June 2009

Arts & Letters

‘Reunion’ by Andrea Goldsmith

By Jo Case

Andrea Goldsmith's new novel is truly exciting. Like its brilliant protagonists, Reunion is passionate about ideas, dissecting them thoroughly and hungrily. A kind of inner-city intellectual counterpart to Christos Tsiolkas's suburban masterpiece The Slap, it is a novel about how we live now, about the lifestyles and values of present-day Melbourne and, by extension, Australia. By juxtaposing today's city with the very different Melbourne of the late 1970s, Goldsmith illuminates the cultural and physical changes that have taken place in the years between the Whitlam and Howard eras. In particular, she charts the shift in morality and the way that technology is transforming communication and knowledge - and with them, relationships.

Bestselling novelist Ava, world-renowned scientist Helen, acclaimed popular philosopher Connie and underachieving religion expert Jack ("the brightest of them all") attended university together in the '70s, a time of free education and lofty ideals. At Oxford, they met fellow Australian Harry, an eccentric, old-money collector who married Ava, much to the others' disgust. Twenty years later, "homunculus" Harry heads a major new think-tank, NOGA, and he has lured Ava's friends back to Melbourne as the organisation's inaugural fellows. Goldsmith takes the reader deep beneath the skin of these characters, shifting between narrators to show each from a variety of perspectives: how they see themselves, how they project themselves to the world, how others see them. The truth, of course, lies somewhere in between, and half the novel's fun is in puzzling it out.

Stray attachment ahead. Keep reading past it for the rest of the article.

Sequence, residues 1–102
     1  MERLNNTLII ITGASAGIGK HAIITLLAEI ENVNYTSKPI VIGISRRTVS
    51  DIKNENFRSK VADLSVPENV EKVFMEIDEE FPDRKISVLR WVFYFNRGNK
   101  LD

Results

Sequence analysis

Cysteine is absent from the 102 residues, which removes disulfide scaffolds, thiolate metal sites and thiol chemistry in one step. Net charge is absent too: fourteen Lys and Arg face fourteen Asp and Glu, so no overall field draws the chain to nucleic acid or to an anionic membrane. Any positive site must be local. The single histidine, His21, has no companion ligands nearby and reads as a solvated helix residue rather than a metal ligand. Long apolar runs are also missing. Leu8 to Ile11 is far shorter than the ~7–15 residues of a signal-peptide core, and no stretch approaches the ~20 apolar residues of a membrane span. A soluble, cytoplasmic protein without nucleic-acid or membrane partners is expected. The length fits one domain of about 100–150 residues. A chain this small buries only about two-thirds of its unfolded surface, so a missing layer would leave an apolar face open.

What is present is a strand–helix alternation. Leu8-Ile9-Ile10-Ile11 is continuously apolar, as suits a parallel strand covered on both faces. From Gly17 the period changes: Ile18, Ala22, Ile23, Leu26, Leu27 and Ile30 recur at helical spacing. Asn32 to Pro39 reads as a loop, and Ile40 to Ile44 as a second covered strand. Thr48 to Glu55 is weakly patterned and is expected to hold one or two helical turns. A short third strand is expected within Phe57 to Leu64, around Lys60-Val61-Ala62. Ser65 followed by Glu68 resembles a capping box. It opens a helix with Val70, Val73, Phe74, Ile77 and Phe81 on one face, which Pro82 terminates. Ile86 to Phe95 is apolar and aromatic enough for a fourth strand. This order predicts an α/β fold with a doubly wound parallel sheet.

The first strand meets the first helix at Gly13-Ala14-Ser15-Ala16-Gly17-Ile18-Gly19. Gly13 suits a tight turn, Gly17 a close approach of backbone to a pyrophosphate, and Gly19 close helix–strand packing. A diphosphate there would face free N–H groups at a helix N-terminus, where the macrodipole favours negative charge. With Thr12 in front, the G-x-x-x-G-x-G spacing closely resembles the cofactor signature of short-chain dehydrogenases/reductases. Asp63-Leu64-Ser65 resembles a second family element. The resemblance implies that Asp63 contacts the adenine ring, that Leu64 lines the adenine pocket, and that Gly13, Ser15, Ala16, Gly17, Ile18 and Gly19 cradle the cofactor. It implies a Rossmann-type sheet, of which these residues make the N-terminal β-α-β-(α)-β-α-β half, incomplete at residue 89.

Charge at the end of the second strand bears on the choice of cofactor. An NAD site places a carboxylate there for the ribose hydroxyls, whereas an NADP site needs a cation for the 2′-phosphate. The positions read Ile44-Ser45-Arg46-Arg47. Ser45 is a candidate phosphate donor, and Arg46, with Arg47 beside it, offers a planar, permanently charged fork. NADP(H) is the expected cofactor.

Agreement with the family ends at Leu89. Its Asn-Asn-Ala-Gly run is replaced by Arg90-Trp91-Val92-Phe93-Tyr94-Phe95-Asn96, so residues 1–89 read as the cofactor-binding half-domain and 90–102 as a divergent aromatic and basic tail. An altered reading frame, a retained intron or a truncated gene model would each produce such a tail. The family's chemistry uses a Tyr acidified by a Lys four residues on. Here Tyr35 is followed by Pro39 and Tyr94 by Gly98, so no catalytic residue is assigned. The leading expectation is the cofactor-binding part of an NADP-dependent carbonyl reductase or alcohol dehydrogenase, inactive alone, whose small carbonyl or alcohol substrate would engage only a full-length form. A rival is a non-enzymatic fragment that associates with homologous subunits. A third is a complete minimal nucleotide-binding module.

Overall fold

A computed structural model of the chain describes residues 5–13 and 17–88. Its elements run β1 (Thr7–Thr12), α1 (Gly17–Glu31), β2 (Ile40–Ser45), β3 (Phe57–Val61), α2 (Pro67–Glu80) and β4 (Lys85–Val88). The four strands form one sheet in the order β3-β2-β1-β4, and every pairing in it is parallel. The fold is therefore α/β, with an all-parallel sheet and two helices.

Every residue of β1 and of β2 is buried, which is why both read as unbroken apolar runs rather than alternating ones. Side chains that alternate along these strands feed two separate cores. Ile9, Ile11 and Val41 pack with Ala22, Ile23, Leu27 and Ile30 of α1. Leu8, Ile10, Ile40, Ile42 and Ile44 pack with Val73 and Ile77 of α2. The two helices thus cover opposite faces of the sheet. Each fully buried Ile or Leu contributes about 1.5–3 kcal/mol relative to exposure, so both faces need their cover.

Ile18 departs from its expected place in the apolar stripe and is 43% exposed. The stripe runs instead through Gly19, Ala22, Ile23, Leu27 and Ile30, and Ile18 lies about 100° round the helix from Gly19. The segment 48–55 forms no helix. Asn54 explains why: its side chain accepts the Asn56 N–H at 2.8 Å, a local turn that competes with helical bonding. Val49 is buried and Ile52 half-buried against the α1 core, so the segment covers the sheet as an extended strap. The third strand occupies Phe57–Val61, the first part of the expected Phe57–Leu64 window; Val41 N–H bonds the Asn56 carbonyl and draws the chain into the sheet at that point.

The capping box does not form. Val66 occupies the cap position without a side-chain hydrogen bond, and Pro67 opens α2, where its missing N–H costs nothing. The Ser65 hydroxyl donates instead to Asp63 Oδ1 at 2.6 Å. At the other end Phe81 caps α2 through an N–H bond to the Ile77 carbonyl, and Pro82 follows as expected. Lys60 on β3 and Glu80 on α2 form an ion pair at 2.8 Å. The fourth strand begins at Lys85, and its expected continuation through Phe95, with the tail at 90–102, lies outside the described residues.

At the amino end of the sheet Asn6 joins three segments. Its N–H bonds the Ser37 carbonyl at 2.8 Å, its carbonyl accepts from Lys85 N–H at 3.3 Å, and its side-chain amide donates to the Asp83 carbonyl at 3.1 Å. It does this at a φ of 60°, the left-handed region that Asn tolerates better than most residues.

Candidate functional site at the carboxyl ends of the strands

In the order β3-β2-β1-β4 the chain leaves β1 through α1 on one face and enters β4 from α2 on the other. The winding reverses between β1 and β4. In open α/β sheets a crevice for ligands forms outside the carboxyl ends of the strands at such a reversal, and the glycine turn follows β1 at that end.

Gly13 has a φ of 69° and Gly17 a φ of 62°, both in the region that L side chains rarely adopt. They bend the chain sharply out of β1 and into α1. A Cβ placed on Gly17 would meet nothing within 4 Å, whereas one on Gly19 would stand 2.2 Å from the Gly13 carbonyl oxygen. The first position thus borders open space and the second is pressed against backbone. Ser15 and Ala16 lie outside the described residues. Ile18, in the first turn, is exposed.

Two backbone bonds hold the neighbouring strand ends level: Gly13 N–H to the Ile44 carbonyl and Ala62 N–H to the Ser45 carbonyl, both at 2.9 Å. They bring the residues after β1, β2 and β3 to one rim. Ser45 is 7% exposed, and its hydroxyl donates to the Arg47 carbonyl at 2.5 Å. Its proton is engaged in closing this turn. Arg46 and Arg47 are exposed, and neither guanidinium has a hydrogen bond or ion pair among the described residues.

Reunion explores the passions that drive the old friends and the compromises they consider when threatened with the loss of their driving force. "It is the storms that matter, the storms that test you," observes Helen, struggling to hold onto her ideals and her beloved science. The NOGA fellows are all faced with questions about the corporatisation of knowledge and its associated costs. The friends are devoted to the primacy of ‘the examined life'; yet they deliberately avoid - in their work and relationships - much important knowledge and insight.

 Reunion is dense with ideas that never overpower its characters and plot, but instead drive them with a seemingly instinctual logic.

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